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It's the Losers That We Love

Because winners are hard to identify with, the best sports films star underdogs like us.

August 20, 2000|JOHN CLARK

There's a moment in the new football movie, "The Replacements," that may give viewers pause. The film asks us to root for a bunch of has-beens and never-wases who are replacing striking football players.

They've been plucked from obscurity, working as bouncers, a sumo wrestler, a bar owner, a cop, a convenience store clerk, a boat bottom scraper. One of them is in the slammer. They're thrilled to be here. The pros, on the other hand, are a collection of preening, spoiled narcissists with tailored leisure wear and fancy cars who don't appreciate what they've got. It's easy to hate these guys. Then one of the pros, star quarterback Eddie Martel, crosses the picket line and joins the team of misfits for a crucial game, which means benching replacement quarterback Shane Falco (Keanu Reeves). Martel tells the disgruntled team, "I've got two Super Bowl rings!"

For a moment the audience might think, "This guy is a winner. We don't care how much of a jerk he is. Play him." But the moment doesn't last. Our allegiance is not to the standings, but to the movie. The irony here is that audiences will pay very good money to see Martel play in real life, but they won't pay to see a Martel-like character on screen. Why? Because, though he's a winner--or especially because he's a winner--he's not one of us.

He has the hair, the clothes, the cars, the rings, the women, the endorsements, the accolades, the entourage and, most important, the money. We have softball, Burger King and the Gap. What does he have to say to us, or we to him? There's a chasm here, and filmmakers recognize it.

"Thirty, 40 years ago, the sports star was the hero against the establishment, and now he is the establishment," says writer-director Ron Shelton, perhaps the most successful, and certainly the most prolific, maker of sports movies in Hollywood history. "Now he's buying and owning teams and makes a hundred times more than the manager. The enormous salaries that the athletes make, which I think is deserved, makes them less interesting and more distant, more effete, more difficult to communicate with.

"I'm always more interested in people outside the gate than inside the gate," he continues. "I identify with them more. And I think we identify with people who are trying to get into the spotlight more readily than people who are already there or who have made it."

Shelton played minor league baseball in the late '60s and early '70s, and has directed such sports films as "Bull Durham" (1988, about a minor league ballplayer), "White Men Can't Jump" (1992, playground hustlers), "Cobb" (1994, a monstrous baseball legend), "Tin Cup" (1996, a driving range instructor who qualifies for the U.S. Open) and "Play It to the Bone," (1999, over-the-hill boxers get chance at redemption). With the exception of "Cobb,"' all of these films were about characters who are cut from the same cloth as Shane Falco. They've blown it, they're not quite good enough, they're on the outside looking in.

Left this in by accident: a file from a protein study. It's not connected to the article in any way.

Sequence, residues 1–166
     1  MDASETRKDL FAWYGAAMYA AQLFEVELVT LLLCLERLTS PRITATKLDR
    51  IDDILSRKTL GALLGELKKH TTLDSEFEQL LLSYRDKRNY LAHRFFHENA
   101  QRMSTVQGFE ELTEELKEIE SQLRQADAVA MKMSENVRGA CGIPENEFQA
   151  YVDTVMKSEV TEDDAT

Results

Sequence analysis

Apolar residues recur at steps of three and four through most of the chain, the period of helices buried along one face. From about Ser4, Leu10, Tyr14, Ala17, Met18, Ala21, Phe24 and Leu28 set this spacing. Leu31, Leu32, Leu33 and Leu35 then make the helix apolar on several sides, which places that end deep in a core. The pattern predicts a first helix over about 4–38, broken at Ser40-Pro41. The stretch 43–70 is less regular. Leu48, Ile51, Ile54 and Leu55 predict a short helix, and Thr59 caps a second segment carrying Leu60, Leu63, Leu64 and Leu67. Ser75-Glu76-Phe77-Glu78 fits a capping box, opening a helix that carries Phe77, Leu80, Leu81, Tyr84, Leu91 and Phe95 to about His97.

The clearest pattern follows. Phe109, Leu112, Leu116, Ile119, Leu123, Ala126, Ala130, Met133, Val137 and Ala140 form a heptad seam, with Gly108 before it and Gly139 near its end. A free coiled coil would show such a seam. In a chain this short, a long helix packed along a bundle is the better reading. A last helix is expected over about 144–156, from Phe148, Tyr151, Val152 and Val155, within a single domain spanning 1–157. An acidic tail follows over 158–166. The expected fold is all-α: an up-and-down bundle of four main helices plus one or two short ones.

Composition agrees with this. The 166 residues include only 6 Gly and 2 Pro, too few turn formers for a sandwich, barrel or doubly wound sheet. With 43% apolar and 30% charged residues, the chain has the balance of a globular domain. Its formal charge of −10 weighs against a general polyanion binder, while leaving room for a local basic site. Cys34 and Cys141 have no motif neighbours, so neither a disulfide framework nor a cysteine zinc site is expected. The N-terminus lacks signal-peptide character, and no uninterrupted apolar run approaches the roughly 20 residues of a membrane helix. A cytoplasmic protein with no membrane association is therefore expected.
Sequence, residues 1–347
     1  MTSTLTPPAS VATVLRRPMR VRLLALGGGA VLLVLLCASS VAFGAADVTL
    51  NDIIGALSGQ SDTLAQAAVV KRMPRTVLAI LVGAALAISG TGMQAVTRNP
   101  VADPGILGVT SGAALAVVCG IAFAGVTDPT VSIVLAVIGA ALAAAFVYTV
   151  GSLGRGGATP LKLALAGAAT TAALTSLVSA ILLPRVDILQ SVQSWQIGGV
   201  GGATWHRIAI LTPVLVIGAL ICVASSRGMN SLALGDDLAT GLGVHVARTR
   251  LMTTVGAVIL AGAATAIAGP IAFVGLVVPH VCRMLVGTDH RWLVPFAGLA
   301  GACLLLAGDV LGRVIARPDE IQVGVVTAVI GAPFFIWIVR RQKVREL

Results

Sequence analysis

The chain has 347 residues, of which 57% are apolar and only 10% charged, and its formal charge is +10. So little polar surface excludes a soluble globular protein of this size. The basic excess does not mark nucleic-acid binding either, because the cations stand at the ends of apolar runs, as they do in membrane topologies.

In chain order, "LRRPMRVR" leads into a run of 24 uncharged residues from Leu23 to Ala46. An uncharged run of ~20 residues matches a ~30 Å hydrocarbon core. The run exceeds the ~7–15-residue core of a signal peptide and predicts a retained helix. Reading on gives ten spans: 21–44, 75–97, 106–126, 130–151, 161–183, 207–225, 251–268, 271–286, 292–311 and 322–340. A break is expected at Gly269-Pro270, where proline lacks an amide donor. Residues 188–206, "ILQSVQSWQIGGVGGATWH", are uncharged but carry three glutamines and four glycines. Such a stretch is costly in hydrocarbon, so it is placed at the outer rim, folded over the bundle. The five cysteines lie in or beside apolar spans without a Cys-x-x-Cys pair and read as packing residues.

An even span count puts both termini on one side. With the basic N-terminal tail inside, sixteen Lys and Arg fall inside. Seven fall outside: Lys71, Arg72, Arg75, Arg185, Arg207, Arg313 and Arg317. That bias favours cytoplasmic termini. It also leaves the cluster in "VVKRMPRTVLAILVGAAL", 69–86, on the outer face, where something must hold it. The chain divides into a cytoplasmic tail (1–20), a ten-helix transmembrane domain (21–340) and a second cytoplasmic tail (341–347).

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The most successful sports franchise in films, the "Rocky" series (1976-1990), about the boxing lunk Rocky Balboa, took off from this premise. Who wouldn't root for a guy who does his training in a meat locker? But these films became less interesting as Rocky--and likewise Sylvester Stallone, the actor who created him--became more successful and the filmmakers struggled to find obstacles for him to overcome, like saving Western civilization.

A variant on the rags-to-riches story is the rags-to-riches-to-rags story. A special place in this cannon is reserved for "Raging Bull" (1980), in which boxer Jake La Motta (Robert De Niro) is done in by the demons that made him a champion in the first place. Though "Raging Bull" was considered by many critics to be the best movie of the '80s, it wasn't a huge hit, perhaps because viewers had a hard time sympathizing with La Motta's rage and paranoia. What's to root for?

In a more contemporary vein, Oliver Stone visited the rise-and-fall trajectory in last year's pro football saga "Any Given Sunday." In the film, the back-up quarterback (Jamie Foxx) is likable to a point--that point being when he becomes a star. Then he starts acting like a jerk who needs to get his comeuppance.

Of course, some filmmakers charge ahead anyway and make movies about, as Shelton puts it, "people who are already there." In last summer's "For Love of the Game," Kevin Costner plays an aging star pitcher who revisits his career and life while pitching his last game. Sure, Billy Chapel (Costner's character) is losing his stuff and his girl, but he's tooling around in a Porsche and crying all the way to the bank (plus he gets the girl anyway). Contrast that to Costner's Crash Davis in "Bull Durham," a career minor leaguer dealing with his own sense of failure. Audiences loved Crash but didn't seem to care about Billy, and "For Love of the Game" flopped at the box office.

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